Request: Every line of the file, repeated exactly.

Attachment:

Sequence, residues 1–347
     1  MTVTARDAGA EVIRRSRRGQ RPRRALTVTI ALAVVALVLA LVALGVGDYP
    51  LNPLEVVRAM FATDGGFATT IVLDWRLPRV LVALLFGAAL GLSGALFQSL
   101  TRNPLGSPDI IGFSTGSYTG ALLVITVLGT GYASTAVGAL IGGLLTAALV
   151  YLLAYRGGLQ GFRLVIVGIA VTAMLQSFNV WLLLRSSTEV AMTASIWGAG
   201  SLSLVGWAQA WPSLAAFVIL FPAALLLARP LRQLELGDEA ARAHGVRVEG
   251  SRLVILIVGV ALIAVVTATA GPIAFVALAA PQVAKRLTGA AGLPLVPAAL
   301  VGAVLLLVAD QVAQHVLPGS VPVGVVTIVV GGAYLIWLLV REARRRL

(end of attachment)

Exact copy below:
Sequence, residues 1–347
     1  MTVTARDAGA EVIRRSRRGQ RPRRALTVTI ALAVVALVLA LVALGVGDYP
    51  LNPLEVVRAM FATDGGFATT IVLDWRLPRV LVALLFGAAL GLSGALFQSL
   101  TRNPLGSPDI IGFSTGSYTG ALLVITVLGT GYASTAVGAL IGGLLTAALV
   151  YLLAYRGGLQ GFRLVIVGIA VTAMLQSFNV WLLLRSSTEV AMTASIWGAG
   201  SLSLVGWAQA WPSLAAFVIL FPAALLLARP LRQLELGDEA ARAHGVRVEG
   251  SRLVILIVGV ALIAVVTATA GPIAFVALAA PQVAKRLTGA AGLPLVPAAL
   301  VGAVLLLVAD QVAQHVLPGS VPVGVVTIVV GGAYLIWLLV REARRRL